How to prep and store 6 pounds of jalapenos
How to freeze olives – Yes, you can!
I didn’t think you could freeze olives. Ew, wouldn’t they come out dehydrated, limp, spongy, or some other form of grossness?
Looking around the internet, I found recounts of exactly that. They’re too water-based, and therefore, when thawed and reheated, all the water in them that previously froze, would come oozing out, leaving them quite disgusting.
That’s also the same thing that makes them so awesome for freezing.
So how do you do it?
Cover them in water! Yep, put them in a muffin tin or small bowl or ice cube trays even – whatever portion size you want for later. I like the muffin tin because it was easy to gauge 1/2 cup portions and between two tins, I could freeze a bunch at once. Then, cover them in a shallow layer of water.
Once frozen, you can pop out your little olive ice cakes and toss them into a Ziploc plastic bag. Later, when you’re making tostadas or Mexican casserole or just feel like snacking, pull out a cup, toss it in a bowl, and microwave until just thawed. Don’t overdo it…some ice crystals are fine and will pop apart easily.
Or if you’re a little more patient, you can run the block under water, but still put a bowl under because the ice doesn’t take long to melt and olives will crumble out everywhere.
When I first bought the 3 pound can of lives, I agreed to only use them in baked dishes where any funky texture wouldn’t be noticed anyway, but even my mom was fine eating them after they’d been previously frozen, straight out of the bowl. Success!
And yes, that’s a lot of freakin’ olives. And yes, I had to slice them all because they came whole. At least they were already pitted! Well worth the few bucks to have a freezer stocked with olives for months for any ol’ random dish I wanted.
What does summer mean to you? – Neighbors, friends, family, strangers offloading garden abundance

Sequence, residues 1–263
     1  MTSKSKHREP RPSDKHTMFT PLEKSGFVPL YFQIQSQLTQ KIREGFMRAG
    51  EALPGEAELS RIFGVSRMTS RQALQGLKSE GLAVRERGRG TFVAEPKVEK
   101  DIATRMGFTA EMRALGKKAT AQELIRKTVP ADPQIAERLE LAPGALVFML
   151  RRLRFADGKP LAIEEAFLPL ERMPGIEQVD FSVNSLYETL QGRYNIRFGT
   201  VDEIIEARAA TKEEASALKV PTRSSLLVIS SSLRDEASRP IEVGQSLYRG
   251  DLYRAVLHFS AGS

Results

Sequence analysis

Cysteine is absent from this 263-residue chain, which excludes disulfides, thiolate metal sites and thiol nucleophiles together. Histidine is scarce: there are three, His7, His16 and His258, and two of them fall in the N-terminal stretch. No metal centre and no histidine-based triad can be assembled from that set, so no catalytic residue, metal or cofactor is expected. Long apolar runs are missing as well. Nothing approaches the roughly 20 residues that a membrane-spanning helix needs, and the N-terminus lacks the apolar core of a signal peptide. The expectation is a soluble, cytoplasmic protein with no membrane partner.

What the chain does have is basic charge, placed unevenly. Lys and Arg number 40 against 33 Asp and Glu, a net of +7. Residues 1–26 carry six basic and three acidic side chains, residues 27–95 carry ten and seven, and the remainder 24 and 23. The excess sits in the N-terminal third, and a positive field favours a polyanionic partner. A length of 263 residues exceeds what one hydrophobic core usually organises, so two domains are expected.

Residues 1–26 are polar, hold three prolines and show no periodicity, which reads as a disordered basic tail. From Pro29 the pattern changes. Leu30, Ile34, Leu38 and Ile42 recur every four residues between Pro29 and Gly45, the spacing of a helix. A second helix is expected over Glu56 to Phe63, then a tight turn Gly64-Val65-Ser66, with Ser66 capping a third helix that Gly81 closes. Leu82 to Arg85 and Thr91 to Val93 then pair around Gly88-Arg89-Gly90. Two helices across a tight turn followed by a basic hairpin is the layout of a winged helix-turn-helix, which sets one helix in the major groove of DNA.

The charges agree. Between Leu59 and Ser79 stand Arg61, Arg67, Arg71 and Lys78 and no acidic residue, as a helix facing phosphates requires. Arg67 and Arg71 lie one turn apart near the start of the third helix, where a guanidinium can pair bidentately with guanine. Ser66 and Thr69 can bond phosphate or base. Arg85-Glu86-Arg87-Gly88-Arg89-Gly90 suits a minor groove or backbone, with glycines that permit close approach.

Oh yeah! I haven’t had a garden since I was little, but it never fails that at some point in the season, there’s somebody who is desperate to get rid of dozens of tomatoes, zucchini, cucumbers, or whatever else they planted far too much of.
In this case, a friend of the family steadily supplied us with tomatoes all season long last year. Whatever we could pick, we could have, as they were already over run with picking their own and for family. And there was always tons left even after we walked away with bags’ full.
Aren’t they gorgeous? Yum.
And that giant above? His skin was a bit tough, but he peeled and sliced nicely into large steaks of tomato.
And in case you’re wondering how to use up a large amount of tomatoes in a short amount of time, turn ‘em into pasta sauce. I made my life easier by mass blanching, peeling, and slicing all in one go.
Tip: Stand at a low-sitting table or countertop (this works especially well if you’re short like I am, so you don’t strain your back leaning over). Place the cutting board on the edge and scoop the tomatoes and sauce directly off into a bowl or crockpot on the floor. Don’t worry, you can transfer it all to another dish after, if you’re squeamish about your floors being dirty.
Although if you’re squeamish, I wouldn’t recommend this anyway, because uh, you may get tomato juice between your toes. But it makes it so fast! Hehe.
See? It’s a mess, but from left to right, I had an entire baking sheet of blanched/peeled tomatoes, the cutting board I was using, the diced tomatoes were scooped forward toward myself and the tops pushed to the side. You can also see a crockpot I’d already filled, my laptop, various drinking options, a basket of produce, and the slotted spoon I used to dip out the tomatoes in the background.
I kept blanching continuously until I made it through them all, chopping and dicing during the minute they were in the water. I was through them in no time, but boy did it look a mess for a bit, ha.